Language and Communication: Learning plant names and discussing the growing process can expand children’s vocabulary and support their language development.
Improved Focus and Memory: Spending time gardening has been found to reduce lack of focus and impulsivity, and can improve children’s attention spans.
Social Skills: Gardening helps promote social skills because children perform tasks together during the gardening process. Collaboration helps children learn how to negotiate, share knowledge and skills, and positively support each other.
Celebrate Diversity through Gardening
Gardening with children can foster their appreciation of diversity and promote cultural awareness. Incorporate diversity into your garden by consulting with and including children’s family members. For example, ask children’s family members the following questions:
•What plants do you grow in your garden (if you have one)?
•What sorts of plants, flowers, and vegetables would you like to see included in our garden?
•Are there any recipes you would like to share with us?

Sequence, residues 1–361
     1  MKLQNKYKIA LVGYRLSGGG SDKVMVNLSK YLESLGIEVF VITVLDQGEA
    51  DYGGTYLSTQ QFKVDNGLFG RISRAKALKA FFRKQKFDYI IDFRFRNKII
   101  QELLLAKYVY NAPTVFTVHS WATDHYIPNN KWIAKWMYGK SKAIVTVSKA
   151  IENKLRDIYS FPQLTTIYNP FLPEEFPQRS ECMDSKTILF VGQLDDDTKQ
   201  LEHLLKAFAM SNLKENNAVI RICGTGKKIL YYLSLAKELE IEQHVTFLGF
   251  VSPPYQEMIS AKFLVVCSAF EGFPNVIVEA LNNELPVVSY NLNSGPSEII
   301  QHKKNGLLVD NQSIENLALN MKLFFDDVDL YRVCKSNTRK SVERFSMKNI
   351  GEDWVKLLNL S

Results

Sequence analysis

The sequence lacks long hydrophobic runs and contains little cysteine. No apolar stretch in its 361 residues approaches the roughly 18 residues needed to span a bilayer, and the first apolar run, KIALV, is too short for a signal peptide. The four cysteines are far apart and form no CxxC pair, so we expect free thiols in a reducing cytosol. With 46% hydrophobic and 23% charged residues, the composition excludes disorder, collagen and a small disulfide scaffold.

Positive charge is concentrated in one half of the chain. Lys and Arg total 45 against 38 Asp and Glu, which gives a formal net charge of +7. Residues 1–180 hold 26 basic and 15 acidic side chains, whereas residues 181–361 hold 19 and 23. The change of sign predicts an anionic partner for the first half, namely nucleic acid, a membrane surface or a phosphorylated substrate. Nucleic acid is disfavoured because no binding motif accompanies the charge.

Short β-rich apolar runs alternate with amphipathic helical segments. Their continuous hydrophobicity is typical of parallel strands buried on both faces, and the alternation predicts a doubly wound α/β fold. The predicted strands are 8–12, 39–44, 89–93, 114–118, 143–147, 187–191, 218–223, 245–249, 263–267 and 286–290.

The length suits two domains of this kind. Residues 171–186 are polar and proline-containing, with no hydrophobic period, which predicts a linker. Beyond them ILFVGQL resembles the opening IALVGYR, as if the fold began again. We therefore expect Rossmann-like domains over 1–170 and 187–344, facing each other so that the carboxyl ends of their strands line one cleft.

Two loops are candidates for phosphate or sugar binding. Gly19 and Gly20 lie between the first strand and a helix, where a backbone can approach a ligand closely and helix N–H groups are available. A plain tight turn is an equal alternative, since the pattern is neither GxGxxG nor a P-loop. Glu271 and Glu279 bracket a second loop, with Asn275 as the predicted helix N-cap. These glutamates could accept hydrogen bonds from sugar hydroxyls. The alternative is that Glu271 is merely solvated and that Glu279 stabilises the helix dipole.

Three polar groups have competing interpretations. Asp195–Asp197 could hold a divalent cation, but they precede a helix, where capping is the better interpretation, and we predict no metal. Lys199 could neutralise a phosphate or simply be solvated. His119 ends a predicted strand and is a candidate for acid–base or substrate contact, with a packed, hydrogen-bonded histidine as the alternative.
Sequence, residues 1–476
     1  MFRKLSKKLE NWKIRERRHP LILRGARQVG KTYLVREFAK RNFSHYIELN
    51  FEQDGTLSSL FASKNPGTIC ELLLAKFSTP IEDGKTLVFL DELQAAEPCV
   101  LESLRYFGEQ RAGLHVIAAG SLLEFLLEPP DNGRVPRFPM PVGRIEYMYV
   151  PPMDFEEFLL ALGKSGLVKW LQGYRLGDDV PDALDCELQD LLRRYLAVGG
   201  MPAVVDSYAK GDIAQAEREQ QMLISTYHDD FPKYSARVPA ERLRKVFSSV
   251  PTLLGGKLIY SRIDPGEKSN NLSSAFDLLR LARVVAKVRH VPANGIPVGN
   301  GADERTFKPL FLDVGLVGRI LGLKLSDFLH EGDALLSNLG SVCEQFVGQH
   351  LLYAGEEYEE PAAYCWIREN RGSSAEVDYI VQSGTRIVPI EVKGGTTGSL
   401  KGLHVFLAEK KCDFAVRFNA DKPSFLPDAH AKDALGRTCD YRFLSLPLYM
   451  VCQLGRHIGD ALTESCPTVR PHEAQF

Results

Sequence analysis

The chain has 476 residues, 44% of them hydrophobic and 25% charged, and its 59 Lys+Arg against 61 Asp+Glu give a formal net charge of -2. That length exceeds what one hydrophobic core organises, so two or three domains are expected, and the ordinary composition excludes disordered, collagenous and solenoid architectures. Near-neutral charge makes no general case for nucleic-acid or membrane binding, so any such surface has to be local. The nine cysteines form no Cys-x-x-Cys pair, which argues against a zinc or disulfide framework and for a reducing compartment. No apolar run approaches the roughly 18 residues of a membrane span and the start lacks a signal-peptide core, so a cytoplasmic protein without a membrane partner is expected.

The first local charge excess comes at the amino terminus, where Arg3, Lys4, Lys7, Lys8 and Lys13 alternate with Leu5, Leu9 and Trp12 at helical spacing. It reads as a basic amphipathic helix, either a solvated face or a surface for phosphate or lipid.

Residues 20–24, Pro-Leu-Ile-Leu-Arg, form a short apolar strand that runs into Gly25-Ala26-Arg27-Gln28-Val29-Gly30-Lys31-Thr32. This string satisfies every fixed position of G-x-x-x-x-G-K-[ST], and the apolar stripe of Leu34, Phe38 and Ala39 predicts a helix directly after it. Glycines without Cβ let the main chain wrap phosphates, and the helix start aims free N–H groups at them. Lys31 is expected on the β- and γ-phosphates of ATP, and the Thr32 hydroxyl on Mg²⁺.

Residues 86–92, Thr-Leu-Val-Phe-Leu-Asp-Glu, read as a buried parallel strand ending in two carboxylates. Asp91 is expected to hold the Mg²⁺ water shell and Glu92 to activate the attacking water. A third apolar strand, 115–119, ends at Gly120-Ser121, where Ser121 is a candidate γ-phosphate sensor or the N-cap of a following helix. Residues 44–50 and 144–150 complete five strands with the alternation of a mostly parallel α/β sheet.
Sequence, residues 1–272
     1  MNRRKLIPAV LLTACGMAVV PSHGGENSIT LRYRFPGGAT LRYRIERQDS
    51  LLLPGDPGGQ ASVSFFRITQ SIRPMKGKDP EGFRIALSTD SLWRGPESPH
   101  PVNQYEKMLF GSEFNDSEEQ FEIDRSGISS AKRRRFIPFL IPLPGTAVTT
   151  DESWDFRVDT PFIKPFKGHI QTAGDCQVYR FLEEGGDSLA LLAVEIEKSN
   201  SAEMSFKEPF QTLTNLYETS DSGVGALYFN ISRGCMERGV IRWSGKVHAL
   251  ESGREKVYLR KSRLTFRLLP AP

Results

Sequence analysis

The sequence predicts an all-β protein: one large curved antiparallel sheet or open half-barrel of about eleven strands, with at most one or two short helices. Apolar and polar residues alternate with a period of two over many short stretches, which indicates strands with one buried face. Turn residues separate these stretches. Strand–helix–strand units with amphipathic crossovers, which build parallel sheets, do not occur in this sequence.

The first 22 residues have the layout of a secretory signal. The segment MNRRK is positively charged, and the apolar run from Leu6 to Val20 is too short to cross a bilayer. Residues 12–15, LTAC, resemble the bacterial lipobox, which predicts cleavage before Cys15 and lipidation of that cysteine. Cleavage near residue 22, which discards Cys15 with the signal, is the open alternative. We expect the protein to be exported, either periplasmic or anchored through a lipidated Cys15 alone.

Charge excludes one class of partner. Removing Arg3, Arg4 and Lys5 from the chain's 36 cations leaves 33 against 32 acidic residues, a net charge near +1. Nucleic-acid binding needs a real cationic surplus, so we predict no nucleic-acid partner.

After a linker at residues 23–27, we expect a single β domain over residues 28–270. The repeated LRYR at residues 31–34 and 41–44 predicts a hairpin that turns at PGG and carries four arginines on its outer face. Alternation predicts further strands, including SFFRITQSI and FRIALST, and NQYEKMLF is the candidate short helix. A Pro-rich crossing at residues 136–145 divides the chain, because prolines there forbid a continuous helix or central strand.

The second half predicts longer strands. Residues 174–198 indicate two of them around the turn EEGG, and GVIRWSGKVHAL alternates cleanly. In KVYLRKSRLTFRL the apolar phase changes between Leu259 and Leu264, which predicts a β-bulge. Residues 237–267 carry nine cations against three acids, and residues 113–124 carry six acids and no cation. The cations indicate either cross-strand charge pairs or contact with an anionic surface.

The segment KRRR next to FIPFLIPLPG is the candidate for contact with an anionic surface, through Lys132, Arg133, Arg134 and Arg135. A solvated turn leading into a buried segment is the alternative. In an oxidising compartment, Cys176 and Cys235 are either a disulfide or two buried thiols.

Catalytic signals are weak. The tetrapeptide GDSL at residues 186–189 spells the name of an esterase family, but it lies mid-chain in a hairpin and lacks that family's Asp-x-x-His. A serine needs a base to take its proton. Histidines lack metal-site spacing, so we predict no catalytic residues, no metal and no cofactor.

•Would you like to participate in creating and caring for our garden?
Additional Benefits of Gardening
Another great benefit of gardening with children is stress relief. Gardening can relieve children’s stress by providing a place for them to relax, breathe fresh air, and have time to themselves. This stress relief can positively impact their moods and psychological well-being. Furthermore, gardening can be a stress reliever for you too!
Above all else, have fun and relax! There is more to gardening than watering, weeding, and planting. Accept that children will plant too many bean seeds in one hole, step on and break plants, and eat crops before they ripen. That is all part of their learning experience! Whenever you embrace all aspects of the gardening process it results in a joyous activity for everyone.
Want to Learn More?
Take our free course Playing Outdoors. For more tips and information about how to get started gardening with children.